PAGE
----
Case Presentation:

In our morning report at WCH, we discussed a case of a patient presenting with severe hypertension and episodic headaches. Subsequent laboratory investigation and imaging confirmed the presence of a unilateral adrenal mass which was a pheochromocytoma.

Learning Points:

  1. Establishing the diagnosis of hypertension
  2. Recognizing the difference between hypertensive urgency and emergency
  3. Differential diagnosis of secondary hypertension
  4. Diagnosis and management of pheochromocytoma

Establishing the Diagnosis:

CHEP Guidelines


Hypertensive Urgency vs Emergency:

  • Urgency=asymptomatic marked BP elevation without target organ damage
  • Emergency=marked BP elevation + presence of acute symptoms or progressive target organ damage
    • Brain (Stroke, ICH, encephalopathy)
    • Eyes (hypertensive retinopathy)
    • Heart (MI, CHF, Dissection)
    • Kidneys (hematuria, AKI)

Causes of secondary hypertension:

2ndary HTN


  • Risk factors: family history, genetic syndromes (Von Hippel-Lindau disease, MENIIa or IIb, Neurofibromatosis-I)
  • Clinical features: “triad” of headache, palpitations, diaphoresis seen only a fraction of the time
  • Triggers of episodes: anesthesia, drugs (contrast, glucagon, metoclopramide, TCA, foods/beverages)
  • When to consider testing for possible pheochromocytoma:
    • Clinical triad
    • Hyperadrenergic spells (episodic palpitations diaphoresis, headache tremor, pallor)
    • Early onset HTN, resistant HTN, or HTN with new onset DM2 in slender patient
    • Familial syndrome (VHL, MEN, NF1)
    • Adrenal incidentaloma + HTN
    • Paroxysmal HTN with anesthesia/surgery
    • Family History of pheochromocytoma
    • History of gastric stromal tumor or pulmonary chondroma
  • Biochemical Testing:
    • Caveat: levels altered by certain drugs and diseases so must take clinical context into consideration and stop drugs, if able
      • Drugs: TCAs, psychotropics, prochlorperazine, decongestants, levodopa
    • 24 hour urinary fractionated metanephrines & catecholamines
    • plasma fractionated metanephrines
    • Note:
      • Metanephrines: metanephrine and normetanephrine
      • Catecholamines: Norepinephrine, epinephrine, and dopamineflowchart
  • Imaging:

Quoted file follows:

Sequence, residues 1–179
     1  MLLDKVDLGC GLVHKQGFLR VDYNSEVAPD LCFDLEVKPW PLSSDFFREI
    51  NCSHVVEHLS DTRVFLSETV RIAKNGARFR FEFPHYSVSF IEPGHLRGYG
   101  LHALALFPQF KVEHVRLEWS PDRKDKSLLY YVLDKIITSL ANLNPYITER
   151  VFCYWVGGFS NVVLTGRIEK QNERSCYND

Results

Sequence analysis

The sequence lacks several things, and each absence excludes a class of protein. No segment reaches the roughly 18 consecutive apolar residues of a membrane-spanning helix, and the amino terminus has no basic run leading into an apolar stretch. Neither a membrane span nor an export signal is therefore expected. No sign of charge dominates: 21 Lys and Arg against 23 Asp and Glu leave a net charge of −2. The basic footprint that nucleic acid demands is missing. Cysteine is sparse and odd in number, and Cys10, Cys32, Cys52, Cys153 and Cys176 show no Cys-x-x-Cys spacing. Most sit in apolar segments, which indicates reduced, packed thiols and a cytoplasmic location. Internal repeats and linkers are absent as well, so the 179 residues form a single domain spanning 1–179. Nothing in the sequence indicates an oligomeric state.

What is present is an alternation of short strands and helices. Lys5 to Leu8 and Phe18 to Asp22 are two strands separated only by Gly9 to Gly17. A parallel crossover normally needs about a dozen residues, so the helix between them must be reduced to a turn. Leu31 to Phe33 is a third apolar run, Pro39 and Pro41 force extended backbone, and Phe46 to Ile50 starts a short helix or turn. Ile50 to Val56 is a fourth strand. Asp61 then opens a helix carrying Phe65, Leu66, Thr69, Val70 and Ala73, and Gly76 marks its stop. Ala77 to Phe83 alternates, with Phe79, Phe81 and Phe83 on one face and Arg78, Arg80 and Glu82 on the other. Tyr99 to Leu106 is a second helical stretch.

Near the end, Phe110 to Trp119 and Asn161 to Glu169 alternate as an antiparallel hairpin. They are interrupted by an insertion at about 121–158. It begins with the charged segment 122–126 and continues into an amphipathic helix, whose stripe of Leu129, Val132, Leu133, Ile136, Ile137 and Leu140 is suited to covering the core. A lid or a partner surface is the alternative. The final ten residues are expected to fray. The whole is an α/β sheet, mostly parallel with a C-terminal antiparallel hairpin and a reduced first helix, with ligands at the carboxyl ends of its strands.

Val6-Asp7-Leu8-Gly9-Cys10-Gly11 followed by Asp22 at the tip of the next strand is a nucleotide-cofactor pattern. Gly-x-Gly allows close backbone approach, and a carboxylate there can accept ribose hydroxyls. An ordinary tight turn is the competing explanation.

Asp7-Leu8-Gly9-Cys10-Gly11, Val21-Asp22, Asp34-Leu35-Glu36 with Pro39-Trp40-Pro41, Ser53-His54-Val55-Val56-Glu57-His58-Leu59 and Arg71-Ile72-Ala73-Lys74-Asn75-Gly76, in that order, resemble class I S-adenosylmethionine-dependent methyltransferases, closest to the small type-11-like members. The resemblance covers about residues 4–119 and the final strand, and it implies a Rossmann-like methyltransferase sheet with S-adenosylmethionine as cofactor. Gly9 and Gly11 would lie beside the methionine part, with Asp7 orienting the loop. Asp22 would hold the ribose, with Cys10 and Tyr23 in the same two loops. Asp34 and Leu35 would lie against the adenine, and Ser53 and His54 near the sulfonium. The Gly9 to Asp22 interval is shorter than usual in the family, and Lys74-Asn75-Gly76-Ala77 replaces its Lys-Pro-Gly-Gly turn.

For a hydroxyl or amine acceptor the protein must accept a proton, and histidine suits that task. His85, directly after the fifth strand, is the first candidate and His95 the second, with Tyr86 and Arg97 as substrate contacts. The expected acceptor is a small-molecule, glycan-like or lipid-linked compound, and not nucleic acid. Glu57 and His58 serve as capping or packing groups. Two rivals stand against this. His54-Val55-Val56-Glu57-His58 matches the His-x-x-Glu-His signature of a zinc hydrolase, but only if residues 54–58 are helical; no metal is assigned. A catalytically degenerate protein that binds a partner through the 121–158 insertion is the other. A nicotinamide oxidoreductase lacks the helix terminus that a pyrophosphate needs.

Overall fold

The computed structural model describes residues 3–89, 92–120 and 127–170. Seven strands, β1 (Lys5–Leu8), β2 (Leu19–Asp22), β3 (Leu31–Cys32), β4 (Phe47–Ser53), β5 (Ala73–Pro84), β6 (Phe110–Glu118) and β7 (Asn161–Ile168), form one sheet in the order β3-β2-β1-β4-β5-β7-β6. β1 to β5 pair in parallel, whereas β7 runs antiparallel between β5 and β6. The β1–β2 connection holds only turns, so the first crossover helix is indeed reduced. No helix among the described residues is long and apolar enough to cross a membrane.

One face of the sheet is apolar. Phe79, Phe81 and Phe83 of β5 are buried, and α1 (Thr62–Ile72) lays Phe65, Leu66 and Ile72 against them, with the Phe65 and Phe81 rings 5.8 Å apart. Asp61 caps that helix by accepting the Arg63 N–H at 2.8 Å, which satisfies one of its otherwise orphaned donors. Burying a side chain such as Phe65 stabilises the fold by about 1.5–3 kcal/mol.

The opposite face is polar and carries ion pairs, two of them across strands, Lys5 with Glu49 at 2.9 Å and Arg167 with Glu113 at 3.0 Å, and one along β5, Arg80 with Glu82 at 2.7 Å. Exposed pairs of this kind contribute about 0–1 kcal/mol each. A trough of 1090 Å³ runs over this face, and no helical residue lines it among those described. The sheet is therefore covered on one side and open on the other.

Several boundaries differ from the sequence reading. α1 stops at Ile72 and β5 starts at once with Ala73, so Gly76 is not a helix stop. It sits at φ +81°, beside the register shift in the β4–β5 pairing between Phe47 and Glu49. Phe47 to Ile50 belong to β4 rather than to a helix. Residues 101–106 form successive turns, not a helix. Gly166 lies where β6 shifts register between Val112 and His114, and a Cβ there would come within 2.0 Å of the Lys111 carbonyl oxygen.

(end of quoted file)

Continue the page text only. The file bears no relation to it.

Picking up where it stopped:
• Proceed with imaging if biochemical analysis positive
    • CT or MRI
    • If CT or MRI negative (but biochemical positive), possibilities include:
      • Wrong diagnosis (false positive biochemistry)
      • Extra-adrenal mass (i.e. paraganglioma)
        • Evaluate with MIBG scan
        • Other indications for MIBG: very large adrenal mass (higher malignant/metastatic risk)
  • Genetic Testing:
    • indicated if:
      • unilateral pheochromocytoma, age <45 years
      • Associated genetic syndrome
      • Extra-adrenal paraganglioma
      • Bilateral pheochromocytoma
      • Unilateral pheochromocytoma with family history
  • Management considerations:
    • surgical adrenalectomy (laparoscopic preferred)
    • Preparation for surgery:
      • Start alpha blockade first (phenoxybenzamine or alpha 1 antaongists like doxazosin/terazosin)
        • Then start high salt intake (i.e. 5 g/day)-reverse catecholamine-related volume contraction/prevent CV collapse post-resection
      • Start beta blockade once adequate alpha blockade achieved
        • start low, go slow (risk of CHF due to catecholamine-related cardiomyopathy)
      • Patient to measure home BP BID; target <120/80 seated and sBP>90 standing
    • Perioperative considerations:
      • Hemodynamic monitoring
      • Acute HTN-IV infusion of nitro good option
      • Post-op HoTN: IV fluids
      • Post-op hypoglycemia: IV dextrose-containing solution

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